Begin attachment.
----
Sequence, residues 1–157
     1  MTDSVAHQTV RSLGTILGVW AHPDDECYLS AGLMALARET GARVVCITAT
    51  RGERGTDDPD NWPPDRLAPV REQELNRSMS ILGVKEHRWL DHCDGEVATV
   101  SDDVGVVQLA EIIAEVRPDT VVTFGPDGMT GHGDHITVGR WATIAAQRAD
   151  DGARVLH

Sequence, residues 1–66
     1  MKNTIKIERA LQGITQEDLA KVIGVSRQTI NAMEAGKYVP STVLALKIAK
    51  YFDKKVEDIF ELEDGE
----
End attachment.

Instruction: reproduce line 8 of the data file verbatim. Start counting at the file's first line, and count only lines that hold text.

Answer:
    51  YFDKKVEDIF ELEDGE